Dusting Wood Furniture?

December 9, 2007

I don't like using Pledge to dust with. Can I spritz vinegar on my rag, or just plain water? Will it hurt wood furniture?



December 10, 20070 found this helpful
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I've been dusting with a damp sponge (plain water) for decades and I haven't seen any damage yet. Just wring out your sponge real god so that it's damp, not dripping.

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By Lynn (Guest Post)
December 12, 20070 found this helpful
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I clean homes for a living. A dear friend informed me to use a micro-fiber cloth. Wet it slightly, then wring it out. It works amazing. (As always, test on a hidden area.)

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By Laura (Guest Post)
December 12, 20070 found this helpful
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I use to work for a large furniture store on in the showroom. To properly clean and polish the furniture we used a an even misture of lemon juice and olive oil. It doesn't pentrate the furniture like water might. Since all wood surfaces are different, water may work on some but not on others. Furniture polish is never recommended for cleaning wood.

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3 More Questions

Ask a QuestionHere are the questions asked by community members. Read on to see the answers provided by the ThriftyFun community or ask a new question.

Which do you think is better for dusting furniture? Pledge or Endust?

By Onesummer


September 11, 20100 found this helpful

I have been using Endust for years and like it as it makes the dust cling to the dust cloth. When I spray the dust cloth, I hold it over the bathtub so I won't get the spray on the floor or the carpet.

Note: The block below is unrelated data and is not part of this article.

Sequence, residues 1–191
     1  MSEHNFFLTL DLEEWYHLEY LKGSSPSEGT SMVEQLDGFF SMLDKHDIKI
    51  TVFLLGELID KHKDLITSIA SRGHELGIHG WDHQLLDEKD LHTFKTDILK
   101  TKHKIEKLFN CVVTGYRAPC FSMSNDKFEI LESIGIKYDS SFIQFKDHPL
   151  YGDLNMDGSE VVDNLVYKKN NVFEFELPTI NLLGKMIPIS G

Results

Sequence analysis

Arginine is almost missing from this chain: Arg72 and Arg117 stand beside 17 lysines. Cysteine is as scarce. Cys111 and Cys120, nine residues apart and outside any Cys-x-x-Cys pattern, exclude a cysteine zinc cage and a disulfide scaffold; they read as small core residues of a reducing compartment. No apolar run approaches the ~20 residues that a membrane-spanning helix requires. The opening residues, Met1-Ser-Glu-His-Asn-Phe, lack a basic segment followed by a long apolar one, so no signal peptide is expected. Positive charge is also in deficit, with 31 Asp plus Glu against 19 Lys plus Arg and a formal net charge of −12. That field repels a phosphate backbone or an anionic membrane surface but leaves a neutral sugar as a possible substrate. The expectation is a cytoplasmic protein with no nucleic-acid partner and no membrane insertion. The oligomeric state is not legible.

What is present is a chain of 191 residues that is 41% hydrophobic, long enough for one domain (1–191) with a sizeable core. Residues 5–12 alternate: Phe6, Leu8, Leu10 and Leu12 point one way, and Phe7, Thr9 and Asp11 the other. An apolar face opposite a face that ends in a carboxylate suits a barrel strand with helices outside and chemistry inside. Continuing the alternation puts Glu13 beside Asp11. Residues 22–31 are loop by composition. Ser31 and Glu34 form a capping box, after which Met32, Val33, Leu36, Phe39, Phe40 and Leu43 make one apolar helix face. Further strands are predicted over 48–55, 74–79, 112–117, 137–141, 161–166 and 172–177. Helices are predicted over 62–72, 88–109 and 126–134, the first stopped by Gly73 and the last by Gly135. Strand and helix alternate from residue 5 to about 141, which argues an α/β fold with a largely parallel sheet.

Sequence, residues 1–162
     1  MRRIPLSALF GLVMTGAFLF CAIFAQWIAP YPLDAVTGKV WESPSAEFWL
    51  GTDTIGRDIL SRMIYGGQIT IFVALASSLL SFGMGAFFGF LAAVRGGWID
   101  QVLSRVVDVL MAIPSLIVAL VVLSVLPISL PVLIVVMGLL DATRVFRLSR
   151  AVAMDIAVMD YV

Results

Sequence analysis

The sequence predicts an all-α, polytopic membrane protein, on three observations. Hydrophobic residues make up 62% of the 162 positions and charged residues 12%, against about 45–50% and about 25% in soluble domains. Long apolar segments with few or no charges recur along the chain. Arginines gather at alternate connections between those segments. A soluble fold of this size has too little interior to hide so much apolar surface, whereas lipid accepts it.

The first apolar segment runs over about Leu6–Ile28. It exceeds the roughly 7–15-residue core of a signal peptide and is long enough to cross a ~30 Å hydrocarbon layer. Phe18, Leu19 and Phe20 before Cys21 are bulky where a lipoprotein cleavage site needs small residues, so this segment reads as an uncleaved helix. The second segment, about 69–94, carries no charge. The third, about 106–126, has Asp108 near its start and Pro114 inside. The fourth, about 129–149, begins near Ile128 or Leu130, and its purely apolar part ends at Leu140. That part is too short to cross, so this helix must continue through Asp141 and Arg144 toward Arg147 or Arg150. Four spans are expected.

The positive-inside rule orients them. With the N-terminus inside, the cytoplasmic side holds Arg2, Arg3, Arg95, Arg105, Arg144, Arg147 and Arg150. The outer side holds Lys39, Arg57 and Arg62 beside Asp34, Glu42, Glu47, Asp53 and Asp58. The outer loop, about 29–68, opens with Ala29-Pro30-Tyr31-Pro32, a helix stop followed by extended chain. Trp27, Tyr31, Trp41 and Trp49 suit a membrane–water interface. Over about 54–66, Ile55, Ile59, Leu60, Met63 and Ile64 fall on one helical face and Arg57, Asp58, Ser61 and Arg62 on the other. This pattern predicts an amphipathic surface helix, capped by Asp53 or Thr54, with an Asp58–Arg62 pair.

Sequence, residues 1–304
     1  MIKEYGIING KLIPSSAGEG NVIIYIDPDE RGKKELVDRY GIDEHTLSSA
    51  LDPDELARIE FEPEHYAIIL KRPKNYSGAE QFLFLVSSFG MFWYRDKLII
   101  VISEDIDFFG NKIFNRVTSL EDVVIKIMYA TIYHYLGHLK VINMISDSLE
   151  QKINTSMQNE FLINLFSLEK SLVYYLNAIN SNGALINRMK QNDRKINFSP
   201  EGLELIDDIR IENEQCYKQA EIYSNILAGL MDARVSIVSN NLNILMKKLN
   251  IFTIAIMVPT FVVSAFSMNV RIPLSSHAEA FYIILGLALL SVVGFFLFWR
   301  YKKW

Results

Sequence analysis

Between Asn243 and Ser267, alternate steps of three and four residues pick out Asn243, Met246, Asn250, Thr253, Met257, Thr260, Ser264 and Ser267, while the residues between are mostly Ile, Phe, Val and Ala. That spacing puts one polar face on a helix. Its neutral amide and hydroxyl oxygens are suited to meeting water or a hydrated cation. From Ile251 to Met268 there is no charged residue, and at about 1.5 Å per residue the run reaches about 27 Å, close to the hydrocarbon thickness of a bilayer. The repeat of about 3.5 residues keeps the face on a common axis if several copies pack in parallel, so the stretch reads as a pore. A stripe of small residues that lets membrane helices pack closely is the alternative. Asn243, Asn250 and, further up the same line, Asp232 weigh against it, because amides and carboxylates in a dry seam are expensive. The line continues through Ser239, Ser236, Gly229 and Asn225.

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September 12, 20100 found this helpful

I use a micro fiber cloth and about once a month or so I go over my wood with lemon oil and rub it in well.

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November 29, 2015

Here in California the winds off the desert bring a very fine dust that seems to bind to the surface of wood furniture. These fine particles are mixed with more regular dust so the surface looks like it just needs a regular dusting. Dusting with a Swifter duster removes the top layer of dust, but a film of this fine stuff remains. I have tried the Pledge Multi Surface spray and a soft flannel cloth, but it still requires so much pressure and elbow grease that I fear I am damaging the finish.

This is true on both old and very new furniture. One shelf has never been polished or waxed since it left the store so if there is a "wax buildup" it came with the piece from the store. How can I lift this stuff without scratching the finish?


October 6, 20170 found this helpful

Removing Dust

Step 1
Use a face mask if dust is severe.

Step 2
Use a vacuum.

Step 3
Finish off by using a damp cloth.

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Does anyone have a recipe for a cleaner for dusting furniture and hardwood floors?

By Tightwade


August 12, 20110 found this helpful

You can try some of the 'recipes' here. Good luck to you!

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